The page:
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My company is proceeding with a branding initiative which involves a branded font. The desire of the external agency is to apply the branded font to all input controls on the page, including text input controls.

I've noticed many other sites (Youtube, Gmail, Apple, Stack Overlfow) restrict input controls to "Helvetica Neue, Helvetica, Arial, sans-serif". Is there any compelling argument to use a branded font in input controls?

  • The compelling argument would come from branding. So not sure this is really a UX question as much as maybe Graphic Design. – DA01 Aug 18 '15 at 20:03
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First of all, it will all depend on your branded font. See how you mention "Roboto" and "Helvetica Neue, Helvetica, Arial, sans-serif" which are very similar. In that case, the answer to your question could be "no (relatively)". Now, use a branded font similar to Lobster and the answer will be a resounding "hell yeah!". You should really show a specimen of your font for an accurate answer.

However, it's very common to see regular system fonts for forms because there's a direct resemblance to code, data, stripped content. This means focus is put into content over visuals. There's no additional decorations, there's no gimmicks, just raw data. This is specially true in a pattern you probably have seen may times: monospaced fonts in forms. These fonts are used for legibility, spacing (they all take the exact same width, hence the monospace name) and it's the font family used for most technical and scientific documents. Take a read to this great description of monospaced fonts and why they're best suited for forms and code.

The above being said, there's a lot of discussion when it comes to monospaced vs variable-width fonts legibility, which in term is what should really worried about. enter image description here

But check this out: there are fonts specifically built for forms and code, like Droid or Mono, while other fonts are better for blocks of text, titles and such. Take a look to this font list.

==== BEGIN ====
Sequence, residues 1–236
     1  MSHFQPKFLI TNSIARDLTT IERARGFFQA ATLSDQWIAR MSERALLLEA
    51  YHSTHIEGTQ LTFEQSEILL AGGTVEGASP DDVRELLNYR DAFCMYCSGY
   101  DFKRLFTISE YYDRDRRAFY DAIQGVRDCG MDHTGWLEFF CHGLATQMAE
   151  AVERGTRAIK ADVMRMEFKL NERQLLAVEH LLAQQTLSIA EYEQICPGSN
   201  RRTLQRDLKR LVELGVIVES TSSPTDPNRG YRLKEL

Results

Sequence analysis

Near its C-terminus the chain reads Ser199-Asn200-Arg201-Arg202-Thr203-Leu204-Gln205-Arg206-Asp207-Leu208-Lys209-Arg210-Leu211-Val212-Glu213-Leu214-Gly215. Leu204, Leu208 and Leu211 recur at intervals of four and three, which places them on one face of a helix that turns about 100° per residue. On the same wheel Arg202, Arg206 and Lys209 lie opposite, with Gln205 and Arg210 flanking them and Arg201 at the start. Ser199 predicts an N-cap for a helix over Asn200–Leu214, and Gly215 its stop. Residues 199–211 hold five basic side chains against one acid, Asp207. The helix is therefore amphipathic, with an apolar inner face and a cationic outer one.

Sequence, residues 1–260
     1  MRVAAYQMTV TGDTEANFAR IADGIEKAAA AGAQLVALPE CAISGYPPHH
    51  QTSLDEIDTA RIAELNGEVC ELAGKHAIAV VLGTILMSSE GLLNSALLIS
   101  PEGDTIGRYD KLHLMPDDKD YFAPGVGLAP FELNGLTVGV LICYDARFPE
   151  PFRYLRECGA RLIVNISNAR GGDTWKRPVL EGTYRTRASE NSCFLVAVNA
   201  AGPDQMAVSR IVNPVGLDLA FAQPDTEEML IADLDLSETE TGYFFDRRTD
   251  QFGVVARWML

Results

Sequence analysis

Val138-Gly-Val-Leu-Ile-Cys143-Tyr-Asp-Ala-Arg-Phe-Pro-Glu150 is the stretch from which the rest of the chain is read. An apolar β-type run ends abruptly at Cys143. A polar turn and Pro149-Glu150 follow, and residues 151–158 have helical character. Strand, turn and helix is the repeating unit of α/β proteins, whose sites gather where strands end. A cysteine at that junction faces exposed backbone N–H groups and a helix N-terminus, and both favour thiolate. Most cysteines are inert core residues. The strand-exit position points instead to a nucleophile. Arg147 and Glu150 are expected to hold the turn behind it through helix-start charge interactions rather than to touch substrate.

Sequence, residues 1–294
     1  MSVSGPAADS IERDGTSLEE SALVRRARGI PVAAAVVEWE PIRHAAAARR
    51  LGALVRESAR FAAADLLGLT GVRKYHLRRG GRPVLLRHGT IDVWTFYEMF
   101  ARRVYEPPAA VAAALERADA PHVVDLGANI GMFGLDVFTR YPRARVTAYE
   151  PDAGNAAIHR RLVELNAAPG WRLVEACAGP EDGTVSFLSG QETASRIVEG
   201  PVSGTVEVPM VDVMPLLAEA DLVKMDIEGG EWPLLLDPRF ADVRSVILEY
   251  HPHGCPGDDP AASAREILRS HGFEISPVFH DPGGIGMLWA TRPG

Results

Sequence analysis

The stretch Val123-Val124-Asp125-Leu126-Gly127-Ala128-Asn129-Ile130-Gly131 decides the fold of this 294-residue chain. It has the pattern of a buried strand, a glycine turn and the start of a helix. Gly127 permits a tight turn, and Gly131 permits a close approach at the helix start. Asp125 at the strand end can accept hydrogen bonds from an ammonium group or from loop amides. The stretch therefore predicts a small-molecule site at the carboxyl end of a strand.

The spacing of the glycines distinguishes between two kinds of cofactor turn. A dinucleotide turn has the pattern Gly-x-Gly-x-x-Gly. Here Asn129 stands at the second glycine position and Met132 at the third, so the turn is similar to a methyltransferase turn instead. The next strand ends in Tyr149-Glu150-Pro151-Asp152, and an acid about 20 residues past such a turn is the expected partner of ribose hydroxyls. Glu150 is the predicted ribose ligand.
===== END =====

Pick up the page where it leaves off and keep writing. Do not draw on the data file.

There's an additional concern: Pattern Breaking. A form is not part of the content, so it's better to use a clear, different pattern to avoid confusion (specially on rendered form outputs) and improve legibility and block identification at first sight. I made a quick sample to show you why:

In short: despite your branded form (which has a lot of influence), the answer is: if you can, use a different form. It won't harm, only help

  • When fonts are simliar-but-not-quite-the-same, that's usually a compelling reason to push for a consistent branded font. – DA01 Aug 18 '15 at 20:04
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From a UX perspective, there is none, as long as the font is very legible.

Remember, consistency is key when it comes to UX and Design.

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So YouTube is actually a great example of a site that does use custom fonts in their input fields. Exploring the site CSS, you can see that the search field uses Roboto, which is the custom font that Google developed. Since the method of delivering custom fonts has become so sophisticated (typically CDN), there really is no longer a reason to limit where you use the custom fonts, including input controls.

The main concerns are going to be usability and site load time. As long as the font is hyper legible, it should be just fine for input controls. If it's the only custom font you're loading, load time is likely not an issue.

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